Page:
Beginning in 1549, Spanish conquerors destroyed the dispersed settlement pattern of the Zoque in order to resettle them in communities that were more suitable for evangelization and the collection of tribute. The agricultural pattern that characterized the pre-Hispanic Zoque made it easy to assemble them. Nowadays this settlement pattern continues. The Zoque communities are dependencies of municipios, many of which have no Zoque in their capital towns.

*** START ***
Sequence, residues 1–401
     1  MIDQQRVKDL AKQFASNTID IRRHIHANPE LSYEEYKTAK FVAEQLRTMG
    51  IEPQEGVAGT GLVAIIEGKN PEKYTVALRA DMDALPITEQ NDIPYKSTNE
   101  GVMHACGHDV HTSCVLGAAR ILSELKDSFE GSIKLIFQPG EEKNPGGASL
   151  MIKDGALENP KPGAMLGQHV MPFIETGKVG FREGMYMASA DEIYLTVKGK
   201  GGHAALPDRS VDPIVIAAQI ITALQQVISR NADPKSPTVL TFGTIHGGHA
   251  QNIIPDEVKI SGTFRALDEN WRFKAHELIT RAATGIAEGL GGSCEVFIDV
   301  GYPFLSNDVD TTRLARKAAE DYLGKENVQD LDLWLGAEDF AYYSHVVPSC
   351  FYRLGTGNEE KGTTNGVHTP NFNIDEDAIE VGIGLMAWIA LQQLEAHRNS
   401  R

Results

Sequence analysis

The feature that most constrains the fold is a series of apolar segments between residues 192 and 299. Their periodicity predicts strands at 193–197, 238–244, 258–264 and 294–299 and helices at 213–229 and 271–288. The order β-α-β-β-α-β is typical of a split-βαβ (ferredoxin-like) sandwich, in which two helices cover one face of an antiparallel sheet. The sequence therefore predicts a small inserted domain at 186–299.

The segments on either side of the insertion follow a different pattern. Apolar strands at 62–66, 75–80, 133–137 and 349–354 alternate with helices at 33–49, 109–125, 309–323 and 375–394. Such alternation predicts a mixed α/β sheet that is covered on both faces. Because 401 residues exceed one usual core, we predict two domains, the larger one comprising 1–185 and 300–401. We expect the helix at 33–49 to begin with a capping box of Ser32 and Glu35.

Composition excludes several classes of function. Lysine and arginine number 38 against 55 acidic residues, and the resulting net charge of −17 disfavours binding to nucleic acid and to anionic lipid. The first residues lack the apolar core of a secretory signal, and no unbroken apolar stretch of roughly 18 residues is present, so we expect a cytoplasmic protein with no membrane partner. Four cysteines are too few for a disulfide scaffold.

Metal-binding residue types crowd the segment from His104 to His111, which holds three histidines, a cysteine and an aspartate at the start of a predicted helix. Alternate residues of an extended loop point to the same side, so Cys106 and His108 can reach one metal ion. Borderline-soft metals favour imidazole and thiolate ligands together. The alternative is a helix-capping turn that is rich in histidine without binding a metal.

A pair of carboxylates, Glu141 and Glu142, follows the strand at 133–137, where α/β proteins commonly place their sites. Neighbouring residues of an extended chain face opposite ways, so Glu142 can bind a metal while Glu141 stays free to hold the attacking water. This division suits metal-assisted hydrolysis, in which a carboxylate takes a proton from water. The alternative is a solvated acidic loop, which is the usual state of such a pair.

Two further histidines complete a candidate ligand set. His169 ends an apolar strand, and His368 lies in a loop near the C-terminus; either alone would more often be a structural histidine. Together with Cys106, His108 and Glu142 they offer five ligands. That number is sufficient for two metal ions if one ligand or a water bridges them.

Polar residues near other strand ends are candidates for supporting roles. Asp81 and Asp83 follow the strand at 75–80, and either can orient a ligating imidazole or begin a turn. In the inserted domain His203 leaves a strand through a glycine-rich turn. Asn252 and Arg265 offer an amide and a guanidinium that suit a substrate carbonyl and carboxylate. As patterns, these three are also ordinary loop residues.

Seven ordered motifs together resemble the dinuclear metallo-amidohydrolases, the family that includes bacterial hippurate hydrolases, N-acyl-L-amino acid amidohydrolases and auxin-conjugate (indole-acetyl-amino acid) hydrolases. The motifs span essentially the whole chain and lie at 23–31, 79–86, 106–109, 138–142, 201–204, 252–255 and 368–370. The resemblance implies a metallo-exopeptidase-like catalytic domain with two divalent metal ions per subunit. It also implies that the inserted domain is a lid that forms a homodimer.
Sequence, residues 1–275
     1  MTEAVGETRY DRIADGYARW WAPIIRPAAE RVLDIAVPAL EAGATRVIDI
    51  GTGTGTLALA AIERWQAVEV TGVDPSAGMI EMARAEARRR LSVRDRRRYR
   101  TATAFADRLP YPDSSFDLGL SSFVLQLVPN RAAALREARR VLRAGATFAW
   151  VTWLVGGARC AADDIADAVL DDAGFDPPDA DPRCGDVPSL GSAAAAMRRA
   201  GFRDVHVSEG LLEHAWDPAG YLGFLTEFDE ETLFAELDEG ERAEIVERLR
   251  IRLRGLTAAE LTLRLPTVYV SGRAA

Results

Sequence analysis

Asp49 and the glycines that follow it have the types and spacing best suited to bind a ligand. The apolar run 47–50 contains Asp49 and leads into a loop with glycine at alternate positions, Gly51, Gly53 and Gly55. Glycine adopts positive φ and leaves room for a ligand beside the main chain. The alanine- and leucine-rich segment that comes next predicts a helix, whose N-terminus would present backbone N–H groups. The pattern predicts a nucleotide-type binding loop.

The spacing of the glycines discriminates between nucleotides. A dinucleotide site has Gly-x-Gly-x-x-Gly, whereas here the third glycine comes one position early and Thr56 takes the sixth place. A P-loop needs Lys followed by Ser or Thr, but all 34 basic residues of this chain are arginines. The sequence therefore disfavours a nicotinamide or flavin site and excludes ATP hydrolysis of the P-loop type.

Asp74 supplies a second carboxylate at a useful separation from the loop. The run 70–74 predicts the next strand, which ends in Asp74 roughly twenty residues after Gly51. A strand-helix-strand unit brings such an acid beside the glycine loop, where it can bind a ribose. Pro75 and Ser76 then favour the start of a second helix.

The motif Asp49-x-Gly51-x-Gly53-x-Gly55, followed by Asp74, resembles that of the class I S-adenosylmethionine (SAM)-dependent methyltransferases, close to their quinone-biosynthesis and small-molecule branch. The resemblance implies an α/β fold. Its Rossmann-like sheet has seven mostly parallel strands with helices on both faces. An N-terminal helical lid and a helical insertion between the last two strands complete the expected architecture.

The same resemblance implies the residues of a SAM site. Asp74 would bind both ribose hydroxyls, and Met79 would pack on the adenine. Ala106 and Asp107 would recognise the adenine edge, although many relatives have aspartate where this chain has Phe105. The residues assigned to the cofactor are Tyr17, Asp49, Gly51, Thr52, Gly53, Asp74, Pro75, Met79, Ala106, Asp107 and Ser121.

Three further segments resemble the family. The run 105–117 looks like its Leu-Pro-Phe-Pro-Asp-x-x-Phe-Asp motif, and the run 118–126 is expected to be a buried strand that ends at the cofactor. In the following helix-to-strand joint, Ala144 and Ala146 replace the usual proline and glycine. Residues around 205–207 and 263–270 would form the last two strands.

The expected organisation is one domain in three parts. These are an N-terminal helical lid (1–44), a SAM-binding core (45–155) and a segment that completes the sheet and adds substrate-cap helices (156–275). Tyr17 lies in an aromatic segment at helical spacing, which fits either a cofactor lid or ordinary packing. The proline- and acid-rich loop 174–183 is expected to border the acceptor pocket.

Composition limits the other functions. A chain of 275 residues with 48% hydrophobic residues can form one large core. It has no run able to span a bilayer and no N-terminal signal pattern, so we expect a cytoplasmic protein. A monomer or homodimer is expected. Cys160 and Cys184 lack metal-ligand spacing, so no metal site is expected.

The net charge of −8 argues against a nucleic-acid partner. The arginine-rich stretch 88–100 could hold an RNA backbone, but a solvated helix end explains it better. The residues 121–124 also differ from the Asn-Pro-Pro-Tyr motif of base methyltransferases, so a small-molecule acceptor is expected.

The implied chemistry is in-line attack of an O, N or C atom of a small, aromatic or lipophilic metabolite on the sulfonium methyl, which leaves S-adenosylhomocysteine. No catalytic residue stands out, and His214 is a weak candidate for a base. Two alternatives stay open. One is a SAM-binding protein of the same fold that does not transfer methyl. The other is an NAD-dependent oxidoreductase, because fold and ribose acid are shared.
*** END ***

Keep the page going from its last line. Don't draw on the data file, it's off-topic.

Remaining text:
Living quarters have a four- or two-eaved roof made of palm fronds or metal sheets. House construction is done with locally available natural materials, generally cane and adobe. Homes usually have a single room that serves both as a sleeping and eating place. Frequently the kitchen is separate from the main building.